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Data Types in Java

In computer programming, a data type is a classification identifying one of various types of data, such as floating-point, integer, or Boolean, that determines the possible values for that type; the operations that can be done on values of that type; and the way values of that type can be stored.

OverviewEdit

Almost all programming languages explicitly include the notion of data type, though different languages may use different terminology.

Common data types may include:

  • booleans,
  • characters,
  • floating-point numbers,
  • alphanumeric strings.


For example, in the Java programming language, the "int" type represents the set of 32-bit integers ranging in value from -2,147,483,648 to 2,147,483,647, as well as the operations that can be performed on integers, such as addition, subtraction, and multiplication. Colors, on the other hand, are represented by three bytes denoting the amounts each of red, green, and blue, and one string representing that color's name; allowable operations include addition and subtraction, but not multiplication.


Most programming languages also allow the programmer to define additional data types, usually by combining multiple elements of other types and defining the valid operations of the new data type. For example, a programmer might create a new data type named "complex number" that would include real and imaginary parts.

A data type also represents a constraint placed upon the interpretation of data in a type system, describing representation, interpretation and structure of values or objects stored in computer memory. The type system uses data type information to check correctness of computer programs that access or manipulate the data.

Classes of data typesEdit

Machine data typesEdit

All data in computers based on digital electronics is represented as bits (alternatives 0 and 1) on the lowest level. The smallest addressable unit of data is usually a group of bits called a byte (usually an octet, which is 8 bits). The unit processed by machine code instructions is called a word (as of 2011, typically 32 or 64 bits). Most instructions interpret the word as a binary number, such that a 32-bit word can represent unsigned integer values from 0 to $ 2^{32}-1 $ or signed integer values from $ -2^{31} $ to $ 2^{31}-1 $. Because of two's complement, the machine language and machine don't need to distinguish between these unsigned and signed data types for the most part.



There is a specific set of arithmetic instructions that use a different interpretation of the bits in word as a floating-point number.

Primitive data typesEdit

These are basic data types that are provided by the programming language with built-in support. These data types are native to the language.This data type is supported by machine directly

Runescape Data TypesEdit

IntroductionEdit

RuneScape uses a number of standard and non-standard data types.

Byte OrderEdit

Data types that are two bytes or larger can be stored and ordered in a variety of different ways. Generally people either use big endian or little endian.

Big EndianEdit

In big endian order, the most significant byte (MSB) is stored first and the least significant byte (LSB) is stored last.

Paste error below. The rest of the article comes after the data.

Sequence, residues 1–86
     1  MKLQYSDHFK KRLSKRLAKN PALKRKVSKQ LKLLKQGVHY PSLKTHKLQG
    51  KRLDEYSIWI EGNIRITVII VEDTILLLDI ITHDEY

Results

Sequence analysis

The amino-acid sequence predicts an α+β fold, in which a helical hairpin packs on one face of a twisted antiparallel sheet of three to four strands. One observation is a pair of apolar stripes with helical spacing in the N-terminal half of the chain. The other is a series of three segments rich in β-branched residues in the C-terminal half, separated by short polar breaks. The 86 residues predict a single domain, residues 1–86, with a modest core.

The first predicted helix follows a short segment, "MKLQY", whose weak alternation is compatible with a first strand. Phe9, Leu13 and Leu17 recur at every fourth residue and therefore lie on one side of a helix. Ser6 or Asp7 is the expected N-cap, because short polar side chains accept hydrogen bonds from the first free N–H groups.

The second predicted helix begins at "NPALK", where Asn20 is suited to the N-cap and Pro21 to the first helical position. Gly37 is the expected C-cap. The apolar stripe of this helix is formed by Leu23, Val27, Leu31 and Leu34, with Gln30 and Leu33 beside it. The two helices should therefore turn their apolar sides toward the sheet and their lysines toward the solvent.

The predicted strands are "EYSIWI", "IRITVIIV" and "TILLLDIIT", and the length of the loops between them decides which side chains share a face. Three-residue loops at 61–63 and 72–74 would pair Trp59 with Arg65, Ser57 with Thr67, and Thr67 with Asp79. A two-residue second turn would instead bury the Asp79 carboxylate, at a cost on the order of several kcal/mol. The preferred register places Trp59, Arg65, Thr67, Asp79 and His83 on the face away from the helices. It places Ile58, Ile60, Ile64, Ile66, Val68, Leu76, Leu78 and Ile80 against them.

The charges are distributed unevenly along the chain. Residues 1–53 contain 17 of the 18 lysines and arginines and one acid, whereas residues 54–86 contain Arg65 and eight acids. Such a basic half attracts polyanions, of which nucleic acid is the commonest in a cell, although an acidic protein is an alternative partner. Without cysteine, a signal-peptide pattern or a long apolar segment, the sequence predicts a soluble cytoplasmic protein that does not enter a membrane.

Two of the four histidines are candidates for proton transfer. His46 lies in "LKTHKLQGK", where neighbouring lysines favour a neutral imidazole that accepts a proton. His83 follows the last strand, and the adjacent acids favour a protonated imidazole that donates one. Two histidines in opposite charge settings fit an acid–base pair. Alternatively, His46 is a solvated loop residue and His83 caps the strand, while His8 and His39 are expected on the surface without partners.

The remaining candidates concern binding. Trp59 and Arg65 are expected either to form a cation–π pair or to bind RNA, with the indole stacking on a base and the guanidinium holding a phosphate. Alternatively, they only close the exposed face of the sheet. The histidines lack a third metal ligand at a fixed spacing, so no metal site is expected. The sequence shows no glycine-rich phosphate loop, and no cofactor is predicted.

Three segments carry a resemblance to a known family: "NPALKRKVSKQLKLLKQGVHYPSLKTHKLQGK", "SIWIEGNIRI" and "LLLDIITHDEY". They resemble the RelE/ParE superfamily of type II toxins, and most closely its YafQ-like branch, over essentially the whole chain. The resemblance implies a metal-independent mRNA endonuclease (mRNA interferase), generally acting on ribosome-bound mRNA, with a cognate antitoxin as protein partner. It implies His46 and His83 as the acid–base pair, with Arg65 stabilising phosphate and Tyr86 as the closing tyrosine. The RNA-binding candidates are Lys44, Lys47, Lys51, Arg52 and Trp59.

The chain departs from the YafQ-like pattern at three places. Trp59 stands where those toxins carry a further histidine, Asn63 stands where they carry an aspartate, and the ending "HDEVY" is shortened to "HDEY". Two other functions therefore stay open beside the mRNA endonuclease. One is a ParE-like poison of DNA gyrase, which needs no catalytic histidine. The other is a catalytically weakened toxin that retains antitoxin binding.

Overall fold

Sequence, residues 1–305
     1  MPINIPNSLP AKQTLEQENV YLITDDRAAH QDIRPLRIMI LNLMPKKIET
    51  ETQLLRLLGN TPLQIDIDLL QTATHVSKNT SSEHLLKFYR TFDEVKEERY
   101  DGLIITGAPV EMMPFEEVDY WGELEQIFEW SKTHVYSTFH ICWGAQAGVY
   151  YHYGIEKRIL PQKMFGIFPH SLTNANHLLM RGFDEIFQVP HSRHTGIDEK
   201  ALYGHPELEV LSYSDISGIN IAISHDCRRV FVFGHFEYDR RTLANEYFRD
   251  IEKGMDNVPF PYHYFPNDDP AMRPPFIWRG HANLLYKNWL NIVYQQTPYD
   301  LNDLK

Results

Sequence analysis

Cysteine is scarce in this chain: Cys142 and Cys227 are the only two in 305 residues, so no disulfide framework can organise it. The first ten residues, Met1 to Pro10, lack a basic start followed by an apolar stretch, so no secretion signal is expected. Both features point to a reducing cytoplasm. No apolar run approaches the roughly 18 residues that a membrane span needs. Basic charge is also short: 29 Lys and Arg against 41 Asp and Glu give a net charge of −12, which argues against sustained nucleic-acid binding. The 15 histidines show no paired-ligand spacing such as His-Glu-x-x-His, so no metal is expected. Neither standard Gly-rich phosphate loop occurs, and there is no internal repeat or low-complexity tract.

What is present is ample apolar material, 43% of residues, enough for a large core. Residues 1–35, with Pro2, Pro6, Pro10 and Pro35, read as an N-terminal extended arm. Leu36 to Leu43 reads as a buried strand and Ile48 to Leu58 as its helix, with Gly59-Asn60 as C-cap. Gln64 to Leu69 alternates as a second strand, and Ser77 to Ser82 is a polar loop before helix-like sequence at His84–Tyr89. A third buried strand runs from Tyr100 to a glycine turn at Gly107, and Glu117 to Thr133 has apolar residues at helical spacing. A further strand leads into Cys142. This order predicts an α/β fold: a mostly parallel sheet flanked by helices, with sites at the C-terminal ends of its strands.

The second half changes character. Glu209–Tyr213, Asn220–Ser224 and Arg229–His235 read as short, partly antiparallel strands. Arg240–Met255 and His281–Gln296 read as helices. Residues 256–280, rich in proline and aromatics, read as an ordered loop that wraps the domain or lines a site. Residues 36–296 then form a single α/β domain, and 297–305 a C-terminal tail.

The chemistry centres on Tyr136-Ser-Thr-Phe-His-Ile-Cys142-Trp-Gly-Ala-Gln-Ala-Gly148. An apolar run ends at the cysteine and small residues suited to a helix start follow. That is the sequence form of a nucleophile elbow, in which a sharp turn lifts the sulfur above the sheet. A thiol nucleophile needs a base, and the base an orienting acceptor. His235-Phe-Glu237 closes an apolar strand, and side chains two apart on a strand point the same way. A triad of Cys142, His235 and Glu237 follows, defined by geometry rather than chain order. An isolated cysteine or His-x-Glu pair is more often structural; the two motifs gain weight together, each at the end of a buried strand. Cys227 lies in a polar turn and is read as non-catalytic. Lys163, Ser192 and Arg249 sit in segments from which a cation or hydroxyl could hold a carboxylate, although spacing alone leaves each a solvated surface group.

Little EndianEdit

In little endian order, the least significant byte (LSB) is stored first and the most significant byte (MSB) is stored last.

Byte order in RuneScapeEdit

RuneScape uses both little and big-endian byte orders throughout the protocol (however, the 194 client only uses big-endian order), presumably to make reverse-engineering of the protocol harder. Some confusion has arisen over the byte order as the data types are named incorrectly in Winterlove's server where little endian data types are incorrectly named as big endian types.

Standard data typesEdit

These datatypes can also be read/written by a DataWriter/DataReader implementation (DataStreams and Buffers)

Naming conventions:

Official name Datatype name Jagex name Encoding
Byte byte 1,1b
WORD short 2,2b
DWORD int,int32 4,4b
QWORD long,int64 8,8b
C style string string,String,char *,char[] str,strbyte text bytes then '\n' or 10
Java style string string,String,char *,char[] strraw WORD length then text bytes

Note that Jagex used to use a new line character as string terminator, in more recent versions they use the null character \0 or 0 to support multi-line strings.

Non Standard Data Types Edit

Winterlove's name Jagex name Read transformation Write transformation
Special A Unknown value - 128 value + 128
Special C Unknown 0 - value 0 - value
Special S Unknown 128 - value 128 - value
SpaceSaverA smarts (value[0] < 128) ? (((value[0] - 128)<<8)+value[1]) : value[0] if(value < 128) putword(value+32768) else putbyte(value);
SpaceSaverB smart ((value[0]<<8)+value[1]) - 49152 if(i < 64 && i >= -64) putbyte(i + 64) else if(i < 16384 && i >= -16384) putword(i + 49152);
tribyte / RGBColour / 3Byte / int3 / medium 3 (value[0] << 24) + (value[1] << 16) + value[2] putbyte(value >> 24);putbyte(value >> 16);putbyte(value);
RS_String jstr Old engine: read until newline delimiter ("\n")
New engine: read until null byte (value 0).
Old engine: write and finish with newline delimiter ("\n")
New engine: write and finish with null byte (value 0).

Additionally, RuneScape also uses two integers that are different from a big or low endian order. Both byte orders are called middle endian. Their orders could be described as following:

Middle endian big int: C3 D4 A1 B2

Middle endian small int: B2 A1 D4 C3

(A1 smallest D4 biggest byte)